That would give France’s youngest leader since Napoleon a powerful mandate to make good on campaign pledges to revive France’s fortunes by cleaning up politics and easing regulations that investors say hobble the eurozone’s second-biggest economy.

“France is back,” Prime Minister Edouard Philippe said on French TV. “Next Sunday, the National Assembly will embody the new face of our republic.”

Record low turnout

Voter turnout was a record low for parliamentary elections in the post-war Fifth Republic at 48.6%, taking the shine off Macron’s margin of victory in the first round.

Both the Socialists and the conservative Republicans urged more voters to cast their ballots in the 18 June second round, warning them against allowing too much power to be concentrated in the hands of one party.

Macron professes to be of neither right nor left. His one-year-old LREM party fielded both seasoned veterans and political novices including a former bullfighter, a fighter pilot and a former armed police commander.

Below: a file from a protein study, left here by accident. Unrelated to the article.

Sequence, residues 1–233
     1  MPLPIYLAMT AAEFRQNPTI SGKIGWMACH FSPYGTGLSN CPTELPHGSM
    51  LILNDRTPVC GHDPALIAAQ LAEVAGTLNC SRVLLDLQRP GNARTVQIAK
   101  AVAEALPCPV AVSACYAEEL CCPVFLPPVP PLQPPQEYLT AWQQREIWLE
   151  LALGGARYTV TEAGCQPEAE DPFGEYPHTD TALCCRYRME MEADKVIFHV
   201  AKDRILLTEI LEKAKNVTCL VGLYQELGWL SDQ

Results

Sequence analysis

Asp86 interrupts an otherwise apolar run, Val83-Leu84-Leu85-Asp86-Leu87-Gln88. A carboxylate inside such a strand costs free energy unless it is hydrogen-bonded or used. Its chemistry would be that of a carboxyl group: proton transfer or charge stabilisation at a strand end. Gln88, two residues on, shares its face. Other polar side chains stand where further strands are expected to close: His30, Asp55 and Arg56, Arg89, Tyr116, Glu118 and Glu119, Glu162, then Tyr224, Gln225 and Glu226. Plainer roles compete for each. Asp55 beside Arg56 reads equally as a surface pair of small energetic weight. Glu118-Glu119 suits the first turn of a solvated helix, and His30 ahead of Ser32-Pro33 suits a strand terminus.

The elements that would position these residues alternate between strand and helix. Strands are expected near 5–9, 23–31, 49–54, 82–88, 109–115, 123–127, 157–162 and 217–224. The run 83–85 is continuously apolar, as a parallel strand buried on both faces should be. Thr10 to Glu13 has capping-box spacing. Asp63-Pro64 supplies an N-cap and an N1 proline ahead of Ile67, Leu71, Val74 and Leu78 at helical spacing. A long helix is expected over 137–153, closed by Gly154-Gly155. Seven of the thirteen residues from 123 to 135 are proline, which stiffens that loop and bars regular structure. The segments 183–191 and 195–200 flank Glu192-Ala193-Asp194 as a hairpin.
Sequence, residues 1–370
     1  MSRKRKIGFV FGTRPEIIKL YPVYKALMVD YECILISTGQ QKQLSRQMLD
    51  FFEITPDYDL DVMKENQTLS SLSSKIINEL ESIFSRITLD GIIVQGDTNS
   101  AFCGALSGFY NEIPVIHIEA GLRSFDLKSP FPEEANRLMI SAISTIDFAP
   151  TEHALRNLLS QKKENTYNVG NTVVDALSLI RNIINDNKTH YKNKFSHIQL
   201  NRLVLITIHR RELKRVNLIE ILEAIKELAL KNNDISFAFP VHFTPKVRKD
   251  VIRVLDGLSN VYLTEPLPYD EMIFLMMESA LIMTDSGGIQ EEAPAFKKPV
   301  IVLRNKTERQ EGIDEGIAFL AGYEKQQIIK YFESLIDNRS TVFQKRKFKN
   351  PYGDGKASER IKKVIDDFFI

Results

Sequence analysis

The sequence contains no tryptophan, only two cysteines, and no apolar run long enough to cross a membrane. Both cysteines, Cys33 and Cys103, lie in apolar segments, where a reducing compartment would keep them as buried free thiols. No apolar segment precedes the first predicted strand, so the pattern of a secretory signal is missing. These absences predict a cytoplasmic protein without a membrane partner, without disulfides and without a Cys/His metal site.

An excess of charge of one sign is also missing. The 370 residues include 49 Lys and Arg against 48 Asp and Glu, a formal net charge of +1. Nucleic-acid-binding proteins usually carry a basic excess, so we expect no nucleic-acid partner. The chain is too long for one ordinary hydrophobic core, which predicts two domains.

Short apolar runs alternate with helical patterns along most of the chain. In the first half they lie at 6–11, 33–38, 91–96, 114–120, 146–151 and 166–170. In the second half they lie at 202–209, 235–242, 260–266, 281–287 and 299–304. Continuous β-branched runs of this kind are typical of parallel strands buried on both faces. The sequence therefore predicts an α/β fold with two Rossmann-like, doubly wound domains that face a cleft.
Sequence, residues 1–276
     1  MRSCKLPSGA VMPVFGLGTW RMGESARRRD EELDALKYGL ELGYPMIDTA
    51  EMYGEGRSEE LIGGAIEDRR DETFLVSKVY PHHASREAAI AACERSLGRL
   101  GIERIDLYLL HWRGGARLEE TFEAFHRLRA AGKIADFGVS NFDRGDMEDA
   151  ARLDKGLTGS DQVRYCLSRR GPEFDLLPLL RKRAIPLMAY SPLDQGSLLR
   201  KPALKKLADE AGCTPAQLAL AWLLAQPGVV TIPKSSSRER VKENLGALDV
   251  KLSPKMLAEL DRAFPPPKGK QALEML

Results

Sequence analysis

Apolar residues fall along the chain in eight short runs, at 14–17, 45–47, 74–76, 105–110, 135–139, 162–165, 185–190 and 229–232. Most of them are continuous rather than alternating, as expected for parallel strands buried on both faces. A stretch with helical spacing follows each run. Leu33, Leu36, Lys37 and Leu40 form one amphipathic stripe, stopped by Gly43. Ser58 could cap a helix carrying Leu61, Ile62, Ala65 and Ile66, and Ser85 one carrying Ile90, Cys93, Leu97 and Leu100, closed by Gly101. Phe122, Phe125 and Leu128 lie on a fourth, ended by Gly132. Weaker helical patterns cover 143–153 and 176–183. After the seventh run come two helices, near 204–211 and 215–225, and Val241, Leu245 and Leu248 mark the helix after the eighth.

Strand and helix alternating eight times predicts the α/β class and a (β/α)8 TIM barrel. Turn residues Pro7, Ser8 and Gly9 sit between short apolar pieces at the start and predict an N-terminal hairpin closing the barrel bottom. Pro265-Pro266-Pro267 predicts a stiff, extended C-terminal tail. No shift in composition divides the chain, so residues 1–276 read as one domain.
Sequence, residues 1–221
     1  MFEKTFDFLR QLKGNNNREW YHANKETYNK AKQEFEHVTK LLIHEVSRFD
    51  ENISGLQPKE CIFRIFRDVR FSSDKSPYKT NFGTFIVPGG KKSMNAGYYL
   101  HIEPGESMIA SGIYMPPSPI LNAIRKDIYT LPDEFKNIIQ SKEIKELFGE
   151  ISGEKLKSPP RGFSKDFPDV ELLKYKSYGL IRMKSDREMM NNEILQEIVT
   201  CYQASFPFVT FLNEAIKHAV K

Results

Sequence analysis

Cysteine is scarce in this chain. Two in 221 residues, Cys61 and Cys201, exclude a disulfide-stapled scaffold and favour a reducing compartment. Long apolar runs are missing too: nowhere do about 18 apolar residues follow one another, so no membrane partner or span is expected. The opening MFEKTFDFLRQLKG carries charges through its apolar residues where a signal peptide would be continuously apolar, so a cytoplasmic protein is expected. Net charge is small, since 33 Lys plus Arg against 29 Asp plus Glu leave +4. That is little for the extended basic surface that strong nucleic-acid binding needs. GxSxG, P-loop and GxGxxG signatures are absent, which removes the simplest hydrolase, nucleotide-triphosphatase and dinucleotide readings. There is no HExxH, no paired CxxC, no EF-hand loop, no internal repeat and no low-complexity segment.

“It’s a renewal of the political class,” said Jose Jeffrey, a Health Ministry administrator who voted LREM.

Projections by three pollsters of LREM’s tally after the second round ranged from 390 to 445 of the assembly’s 577 seats – potentially the biggest majority since president Charles De Gaulle’s conservatives won more than 80% of seats in 1968.

“Unprecedented setback”

Macron, a former investment banker, wants what supporters describe as as a “big bang” of economic and social reforms, including an easing of stringent labour laws and reform of an unwieldy pension system.